Published on April 18th, 2017 | by Chris O'Connor
Assassin’s Creed Blu-ray Review
Summary: Perhaps we aren't more than where we've come from, but maybe that's enough.
I’m going to preface this by saying that I liked the Warcraft movie… with that as a benchmark… I really liked Assassin’s Creed. In terms of the game, my first play I was unimpressed and figured I was never going to play it again, it seemed messy and drawn out. For some reason I gave it a second try and ended up playing through to the end and actually enjoyed the story (it was still a little drawn out in parts but enjoyable none the less). There is a chance that knowing the game helps aid the enjoyment of the film but I think anyone with a general interest in sci-fi should be fine picking up the general idea.
The movie jumps between past and present (as you’d expect)… the past is Aguilar part of the Assassin’s Creed, the present is Cal Lynch, condemned to death and about to learn a lot about his past. As a child Cal finds that his father has killed his mother and he unsurprisingly hates him for it… but there is more to this that meets the eye and after being executed, Cal is revived in a mysterious facility and is told that within him is a secret that can help end violence in the world. It turns out the Knights Templar are very keen to unlock that secret. Before long Cal is hooked up to the Animus (no longer a chair based device but more an articulated arm that enables full movement of the subject). The link between Cal and Aguilar is established and the two begin to “sync”. What began in the past is, it would seem, destined to play out in the present and the two factions, Assassins and Templars go head to head to see who will end up with the prize.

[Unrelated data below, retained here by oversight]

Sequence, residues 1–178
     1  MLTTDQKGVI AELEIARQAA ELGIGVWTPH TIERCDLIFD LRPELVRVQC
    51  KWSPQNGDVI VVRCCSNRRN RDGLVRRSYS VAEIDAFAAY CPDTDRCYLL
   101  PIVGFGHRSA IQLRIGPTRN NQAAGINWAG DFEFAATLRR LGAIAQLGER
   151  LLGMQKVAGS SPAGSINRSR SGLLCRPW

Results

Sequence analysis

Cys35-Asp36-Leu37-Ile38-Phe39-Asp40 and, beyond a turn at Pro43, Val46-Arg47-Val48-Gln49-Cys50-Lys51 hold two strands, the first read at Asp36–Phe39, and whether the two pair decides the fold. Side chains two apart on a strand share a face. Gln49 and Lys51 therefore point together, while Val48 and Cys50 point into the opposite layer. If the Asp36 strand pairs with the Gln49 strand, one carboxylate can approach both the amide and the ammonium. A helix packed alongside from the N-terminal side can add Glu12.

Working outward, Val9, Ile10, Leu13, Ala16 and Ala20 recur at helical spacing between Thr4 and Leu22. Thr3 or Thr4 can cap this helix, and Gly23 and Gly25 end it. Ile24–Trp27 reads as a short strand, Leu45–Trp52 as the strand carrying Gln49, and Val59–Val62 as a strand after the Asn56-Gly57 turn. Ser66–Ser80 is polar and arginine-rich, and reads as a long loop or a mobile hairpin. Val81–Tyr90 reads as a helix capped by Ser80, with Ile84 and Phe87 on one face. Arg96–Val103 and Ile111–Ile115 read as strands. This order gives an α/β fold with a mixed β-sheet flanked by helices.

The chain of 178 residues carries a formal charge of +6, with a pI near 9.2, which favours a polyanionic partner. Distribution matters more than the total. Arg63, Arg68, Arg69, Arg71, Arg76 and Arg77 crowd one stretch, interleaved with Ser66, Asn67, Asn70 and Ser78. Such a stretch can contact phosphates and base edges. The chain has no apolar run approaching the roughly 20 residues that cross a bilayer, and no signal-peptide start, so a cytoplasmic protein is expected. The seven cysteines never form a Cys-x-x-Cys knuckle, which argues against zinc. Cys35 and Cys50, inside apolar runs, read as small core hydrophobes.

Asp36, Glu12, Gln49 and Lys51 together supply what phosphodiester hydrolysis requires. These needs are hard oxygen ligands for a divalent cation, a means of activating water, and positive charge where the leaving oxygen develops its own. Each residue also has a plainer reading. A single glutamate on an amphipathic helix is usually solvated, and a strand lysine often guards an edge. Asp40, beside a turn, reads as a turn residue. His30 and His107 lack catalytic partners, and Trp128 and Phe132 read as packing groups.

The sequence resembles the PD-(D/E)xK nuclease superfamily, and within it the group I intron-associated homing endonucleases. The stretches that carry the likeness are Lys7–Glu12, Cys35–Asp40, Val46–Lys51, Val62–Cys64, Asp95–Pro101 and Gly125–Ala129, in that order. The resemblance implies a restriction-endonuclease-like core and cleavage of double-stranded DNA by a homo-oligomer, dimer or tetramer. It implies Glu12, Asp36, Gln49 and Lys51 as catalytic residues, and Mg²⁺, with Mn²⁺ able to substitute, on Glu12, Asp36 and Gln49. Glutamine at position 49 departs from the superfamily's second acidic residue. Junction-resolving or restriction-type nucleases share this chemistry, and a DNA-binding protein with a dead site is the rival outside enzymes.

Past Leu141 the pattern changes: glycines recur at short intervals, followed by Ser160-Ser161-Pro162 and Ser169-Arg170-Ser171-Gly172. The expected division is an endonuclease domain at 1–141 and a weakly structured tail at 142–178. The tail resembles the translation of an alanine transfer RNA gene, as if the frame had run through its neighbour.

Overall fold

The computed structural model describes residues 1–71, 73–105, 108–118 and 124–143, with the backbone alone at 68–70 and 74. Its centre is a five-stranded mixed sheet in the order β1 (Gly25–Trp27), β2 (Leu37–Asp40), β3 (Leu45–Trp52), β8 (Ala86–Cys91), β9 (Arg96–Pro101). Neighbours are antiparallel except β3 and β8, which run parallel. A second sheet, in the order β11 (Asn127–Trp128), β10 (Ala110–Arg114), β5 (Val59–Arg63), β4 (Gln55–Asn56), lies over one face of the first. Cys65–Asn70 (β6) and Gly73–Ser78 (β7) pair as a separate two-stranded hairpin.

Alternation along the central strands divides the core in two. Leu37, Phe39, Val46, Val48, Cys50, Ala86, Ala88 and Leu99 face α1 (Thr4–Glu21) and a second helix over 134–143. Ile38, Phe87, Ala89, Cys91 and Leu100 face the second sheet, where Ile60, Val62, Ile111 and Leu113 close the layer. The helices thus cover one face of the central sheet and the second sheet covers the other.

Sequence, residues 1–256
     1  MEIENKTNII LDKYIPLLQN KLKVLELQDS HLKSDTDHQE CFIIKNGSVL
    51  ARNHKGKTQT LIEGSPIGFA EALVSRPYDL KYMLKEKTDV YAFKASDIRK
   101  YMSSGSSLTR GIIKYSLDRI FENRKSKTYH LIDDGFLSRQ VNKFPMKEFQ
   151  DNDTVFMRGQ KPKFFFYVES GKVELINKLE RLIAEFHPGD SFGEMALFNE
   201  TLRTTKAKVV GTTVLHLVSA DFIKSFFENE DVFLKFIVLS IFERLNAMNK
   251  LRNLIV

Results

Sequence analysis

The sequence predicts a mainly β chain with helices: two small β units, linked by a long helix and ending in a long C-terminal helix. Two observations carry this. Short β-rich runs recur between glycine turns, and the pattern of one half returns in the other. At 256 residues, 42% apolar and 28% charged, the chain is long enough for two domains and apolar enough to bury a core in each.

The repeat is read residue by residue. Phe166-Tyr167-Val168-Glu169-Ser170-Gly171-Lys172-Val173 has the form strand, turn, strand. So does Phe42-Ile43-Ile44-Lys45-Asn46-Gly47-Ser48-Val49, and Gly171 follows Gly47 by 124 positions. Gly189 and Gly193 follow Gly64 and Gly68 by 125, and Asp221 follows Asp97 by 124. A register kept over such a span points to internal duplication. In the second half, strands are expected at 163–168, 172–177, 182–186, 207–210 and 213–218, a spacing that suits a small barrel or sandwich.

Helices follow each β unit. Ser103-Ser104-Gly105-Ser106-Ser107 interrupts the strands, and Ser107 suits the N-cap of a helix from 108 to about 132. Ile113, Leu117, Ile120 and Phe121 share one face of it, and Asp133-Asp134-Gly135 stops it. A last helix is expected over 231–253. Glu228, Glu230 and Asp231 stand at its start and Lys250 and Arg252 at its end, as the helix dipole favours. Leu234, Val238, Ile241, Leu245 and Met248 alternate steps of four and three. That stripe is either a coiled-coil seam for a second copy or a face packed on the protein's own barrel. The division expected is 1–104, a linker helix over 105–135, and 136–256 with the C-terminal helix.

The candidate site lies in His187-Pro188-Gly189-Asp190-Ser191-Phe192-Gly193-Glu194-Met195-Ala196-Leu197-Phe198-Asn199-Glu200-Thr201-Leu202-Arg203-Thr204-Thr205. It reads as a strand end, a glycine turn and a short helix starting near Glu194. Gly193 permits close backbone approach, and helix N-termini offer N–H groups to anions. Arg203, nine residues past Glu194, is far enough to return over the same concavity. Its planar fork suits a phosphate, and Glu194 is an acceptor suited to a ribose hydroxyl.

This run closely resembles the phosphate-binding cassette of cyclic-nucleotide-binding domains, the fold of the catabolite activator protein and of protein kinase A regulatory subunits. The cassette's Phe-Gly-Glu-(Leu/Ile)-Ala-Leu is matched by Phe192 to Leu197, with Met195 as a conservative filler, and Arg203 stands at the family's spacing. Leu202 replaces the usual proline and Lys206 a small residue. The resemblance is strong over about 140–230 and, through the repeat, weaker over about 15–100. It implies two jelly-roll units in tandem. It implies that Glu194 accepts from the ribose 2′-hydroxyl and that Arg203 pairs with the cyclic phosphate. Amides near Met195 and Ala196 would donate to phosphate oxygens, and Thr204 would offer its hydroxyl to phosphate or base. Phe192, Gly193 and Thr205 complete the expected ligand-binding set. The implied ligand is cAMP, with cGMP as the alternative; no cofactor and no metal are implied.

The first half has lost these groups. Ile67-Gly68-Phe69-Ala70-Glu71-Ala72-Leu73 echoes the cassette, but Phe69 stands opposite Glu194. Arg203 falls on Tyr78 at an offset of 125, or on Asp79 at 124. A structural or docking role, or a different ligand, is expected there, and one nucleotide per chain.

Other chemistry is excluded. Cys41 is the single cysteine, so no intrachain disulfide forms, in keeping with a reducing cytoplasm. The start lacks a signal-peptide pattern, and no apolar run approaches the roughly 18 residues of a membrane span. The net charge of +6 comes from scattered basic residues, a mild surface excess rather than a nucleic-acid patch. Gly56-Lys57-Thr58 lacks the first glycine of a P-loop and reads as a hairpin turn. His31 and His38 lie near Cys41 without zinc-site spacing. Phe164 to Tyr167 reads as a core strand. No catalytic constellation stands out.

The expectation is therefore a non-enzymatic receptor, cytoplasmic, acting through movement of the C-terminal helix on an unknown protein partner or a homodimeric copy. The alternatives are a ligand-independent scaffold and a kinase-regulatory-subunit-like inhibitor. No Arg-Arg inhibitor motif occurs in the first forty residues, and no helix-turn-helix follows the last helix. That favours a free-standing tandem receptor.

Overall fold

It’s very easy to write a negative review of a movie… especially one based on a game franchise. Dismiss the whole thing, throw in a few snide remarks and pat yourself on the back for being all superior… but as I mentioned earlier… I really enjoyed the movie. Part of my enjoyment was certainly the quality of the production, from the very beginning the visuals are simply stunning, the costumes are exceptionally well realised (as mentioned in one of the extra features they had to find that balance between being true to the game whilst also being functional and cinematic, they did both very well). The other thing that I think was key in making the film work is how they chose to tell the story. In one of the little extra features in which director Justin Kurzel talks to people who helped put the film together, he speaks to the head script writer who says that at first they were going to try and put as many of the game story elements in as possible… but then they realised they needed to just have one core theme and build the story around that. This simplifying the main plot no doubt saved the film from getting cluttered and works as a perfectly good goal for the Assassins and the Templars to fight over.
For those of us who like the film there are a great bunch of extra features on the disc too so you can go deeper into the production. I was actually quite surprised to learn that a lot of the stunts were done in camera… yes there is CGI in the film but it’s not as extensive as you might think. There is a lot more practical filming in Assassin’s Creed than you might expect and some simply stunning location shoots. As mentioned earlier the chat about the costumes is quite interesting too and I really like the end result of all their hard work… it’s a very satisfying film version of the Assassins outfit.
For me the bottom line is that this is a wonderfully shot, beautifully presented, well acted piece of sci-fi action. If people going into it expecting Shakespeare they may well end up being disappointed (yes one reviewer tried to make the comparison… presumably simply because of the former connection between members of the cast and crew on Macbeth). For fans of the game this stays pretty close to the main ideas of the game world and I for one was very pleased with the result.